Director: Alexander Mackendrick
Running time: 91 mins (approx)
Certification (UK): U
UK Release date: 8th December 1955 (London)
Watched on Sky+ Friday 4th November 2011.
PLEASE NOTE: THERE MAY BE SPOILERS IN THIS REVIEW.
This is one of those films that was always on TV on a rainy Sunday afternoon when I was a kid. The trouble is, as a kid, I wasn’t all that interested in Ealing Comedies. Boy was I wrong! This is the first time I can honestly say I sat down and watched this one from beginning to end and it’s excellent! A very gentle comedy with a bit of a dark edge to it. Very much of its day, but still very watchable nonetheless. More of my thoughts after this very brief summary.
Sweet little old lady, Mrs Wilberforce, has some rooms to let in her little house in London, near to King’s Cross railway station. They are taken on by a gentleman known as Professor Marcus. He, and a group of friends, form an amateur string quintet and, with Mrs Wilberforce’s permission, practice in his rooms. The members of this little gathering are; Claude (a.k.a. 'Major Courtney'), Louis (a.k.a. 'Mr. Harvey') , Harry (a.k.a. 'Mr. Robinson'), One-Round (a.k.a. 'Mr. Lawson') and of course the Professor himself. Little does Mrs Wilberforce know that it’s a front for a gang of thieves who are planning a robbery. What she also doesn’t know is that she is about to be, unwittingly, an accomplice to their dastardly plot. Furthermore, her life may be in danger! I could tell you more but the Spoiler Police are already after me for the ‘X-Files’ caper.
I really enjoyed this film, as I’ve already said, a gentle comedy that gets a shade darker towards the end. I think I enjoyed the performances as much as anything else; all of the cast were excellent. Alec Guinness was almost unrecognisable, and also brilliant, as Professor Marcus. Cecil Parker was great as Claude, as was Herbert Lom as Louis. Peter Sellers didn’t have an awful lot to do, but was very good as Harry and Danny Green did a decent job of playing One-Round. I must give the highest praise to Katie Johnson as Mrs Wilberforce, I thought she nearly stole the show! Honourable mentions also go to; Jack Warner as The Superintendant, Frankie Howerd as The Barrow Boy and Kenneth Connor as The Cab Driver (uncredited).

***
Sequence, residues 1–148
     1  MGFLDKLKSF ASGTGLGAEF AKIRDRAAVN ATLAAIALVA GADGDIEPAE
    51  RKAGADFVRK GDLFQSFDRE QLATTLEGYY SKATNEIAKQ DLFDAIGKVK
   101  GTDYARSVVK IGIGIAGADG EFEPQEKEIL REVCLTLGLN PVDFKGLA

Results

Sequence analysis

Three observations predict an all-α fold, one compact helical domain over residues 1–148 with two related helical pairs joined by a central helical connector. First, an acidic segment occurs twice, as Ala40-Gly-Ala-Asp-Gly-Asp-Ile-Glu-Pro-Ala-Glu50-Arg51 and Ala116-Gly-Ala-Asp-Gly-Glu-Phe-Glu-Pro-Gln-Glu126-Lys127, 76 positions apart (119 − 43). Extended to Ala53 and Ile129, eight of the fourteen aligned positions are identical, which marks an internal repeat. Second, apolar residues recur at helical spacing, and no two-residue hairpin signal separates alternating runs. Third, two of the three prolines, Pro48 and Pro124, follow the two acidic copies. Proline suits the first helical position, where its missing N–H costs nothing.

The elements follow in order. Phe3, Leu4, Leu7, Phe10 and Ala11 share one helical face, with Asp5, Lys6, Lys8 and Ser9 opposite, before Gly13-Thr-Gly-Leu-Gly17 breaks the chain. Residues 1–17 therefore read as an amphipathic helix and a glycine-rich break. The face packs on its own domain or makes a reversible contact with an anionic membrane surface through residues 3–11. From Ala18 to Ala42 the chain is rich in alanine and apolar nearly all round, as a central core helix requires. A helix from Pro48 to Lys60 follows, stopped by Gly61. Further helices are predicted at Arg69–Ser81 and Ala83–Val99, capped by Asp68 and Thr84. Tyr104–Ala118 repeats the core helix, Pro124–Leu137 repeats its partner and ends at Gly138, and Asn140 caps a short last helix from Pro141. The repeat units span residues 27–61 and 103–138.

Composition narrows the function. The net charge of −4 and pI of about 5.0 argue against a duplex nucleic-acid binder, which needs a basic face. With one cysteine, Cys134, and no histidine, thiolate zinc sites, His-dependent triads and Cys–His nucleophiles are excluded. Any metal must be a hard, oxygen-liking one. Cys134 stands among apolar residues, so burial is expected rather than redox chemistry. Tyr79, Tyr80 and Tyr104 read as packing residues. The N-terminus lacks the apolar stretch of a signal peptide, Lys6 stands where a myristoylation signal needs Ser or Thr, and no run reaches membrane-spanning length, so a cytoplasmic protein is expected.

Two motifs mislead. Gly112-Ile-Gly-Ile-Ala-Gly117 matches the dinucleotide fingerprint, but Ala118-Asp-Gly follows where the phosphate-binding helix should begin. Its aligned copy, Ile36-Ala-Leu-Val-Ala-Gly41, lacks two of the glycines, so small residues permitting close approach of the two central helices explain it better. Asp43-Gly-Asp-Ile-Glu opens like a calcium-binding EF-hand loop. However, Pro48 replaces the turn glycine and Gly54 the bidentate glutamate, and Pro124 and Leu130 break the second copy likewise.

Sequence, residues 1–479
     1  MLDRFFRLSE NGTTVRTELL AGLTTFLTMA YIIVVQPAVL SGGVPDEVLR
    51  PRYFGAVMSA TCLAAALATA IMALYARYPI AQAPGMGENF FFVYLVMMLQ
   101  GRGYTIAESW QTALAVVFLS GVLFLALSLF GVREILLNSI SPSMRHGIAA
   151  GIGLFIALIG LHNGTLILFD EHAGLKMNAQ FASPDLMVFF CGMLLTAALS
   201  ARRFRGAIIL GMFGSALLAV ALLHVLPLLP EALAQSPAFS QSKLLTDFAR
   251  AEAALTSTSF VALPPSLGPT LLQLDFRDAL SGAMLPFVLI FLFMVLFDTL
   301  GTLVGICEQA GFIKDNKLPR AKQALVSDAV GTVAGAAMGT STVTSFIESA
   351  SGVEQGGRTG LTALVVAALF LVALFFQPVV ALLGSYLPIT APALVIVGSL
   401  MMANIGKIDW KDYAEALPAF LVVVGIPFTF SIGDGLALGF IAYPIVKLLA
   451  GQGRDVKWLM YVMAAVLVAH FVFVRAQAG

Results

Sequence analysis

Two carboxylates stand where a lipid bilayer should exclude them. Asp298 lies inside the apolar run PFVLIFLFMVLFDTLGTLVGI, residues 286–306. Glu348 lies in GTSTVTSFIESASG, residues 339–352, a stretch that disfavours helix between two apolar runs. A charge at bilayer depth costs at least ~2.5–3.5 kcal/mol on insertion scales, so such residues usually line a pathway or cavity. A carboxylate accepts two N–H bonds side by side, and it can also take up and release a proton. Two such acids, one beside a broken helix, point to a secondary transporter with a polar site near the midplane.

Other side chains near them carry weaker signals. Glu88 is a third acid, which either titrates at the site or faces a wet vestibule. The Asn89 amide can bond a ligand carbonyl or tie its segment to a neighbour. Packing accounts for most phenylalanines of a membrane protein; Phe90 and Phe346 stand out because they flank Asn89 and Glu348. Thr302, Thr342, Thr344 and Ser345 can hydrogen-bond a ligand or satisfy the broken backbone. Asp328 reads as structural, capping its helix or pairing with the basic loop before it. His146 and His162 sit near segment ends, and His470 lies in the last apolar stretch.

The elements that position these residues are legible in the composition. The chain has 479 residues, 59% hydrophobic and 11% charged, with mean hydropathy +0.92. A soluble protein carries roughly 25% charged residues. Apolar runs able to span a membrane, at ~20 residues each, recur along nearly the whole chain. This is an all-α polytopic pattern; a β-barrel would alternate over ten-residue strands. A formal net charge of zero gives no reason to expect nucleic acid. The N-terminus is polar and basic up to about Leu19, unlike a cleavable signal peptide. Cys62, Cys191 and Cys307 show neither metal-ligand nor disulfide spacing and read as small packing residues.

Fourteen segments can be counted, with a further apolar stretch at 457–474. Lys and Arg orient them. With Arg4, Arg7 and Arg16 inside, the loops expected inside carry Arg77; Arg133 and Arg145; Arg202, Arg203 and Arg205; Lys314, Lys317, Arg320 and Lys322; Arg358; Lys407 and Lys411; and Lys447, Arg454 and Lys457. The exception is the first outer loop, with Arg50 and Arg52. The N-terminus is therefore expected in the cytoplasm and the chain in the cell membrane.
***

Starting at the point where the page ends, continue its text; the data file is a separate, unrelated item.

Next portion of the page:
I was pleasantly surprised to find the film was made in colour. Very few British made films were, at the time, and so it must have had some serious backing to warrant such treatment. All the characters appear to be larger than life, apart from the old lady and this, I think, is what makes it work so well. I have heard horror stories about the Coen Brothers’ remake and I’m kind of loathed to see that version, but I know our paths will cross (eventually). But enough of that one, this was, for me, one of the very best of the Ealing Comedies and I deem it highly recommended.
My Score: 8.1/10.
IMDb Score: 7.9/10 (based on 12,185 votes at the time of going to press).
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One-Round: [looking blankly at his cello] Are we supposed to make noises with these things? What kind o' noises?
Louis: Who is she?
Professor Marcus: Not "noises," One-Round, *music*!
Louis: I said what does she mean, you...
[Professor Marcus shushes him and turns on the record, dancing a bit to the music]
[At the police station]
Junk Man: And it's a brown horse, eleven years old, and answers to the name of Dennis.
[Harry and Marcus are distracting Mrs. Wilberforce while Louis deals with the Major on the roof]
Mrs. Louisa Wilberforce: It won't do any harm to tell you now that Major Courtney has gone to the police. They'll be here shortly.
[there is a loud crash from outside]
Mrs. Louisa Wilberforce: Oh! Whatever is that?
Harry: I expect something fell off the roof, mum.
Mrs. Louisa Wilberforce: The roof?
Harry: Probably a... chimney-pot.
Mrs. Louisa Wilberforce: A chimney-pot?
Professor Marcus: See who it is, Harry
[pushes Harry out the door]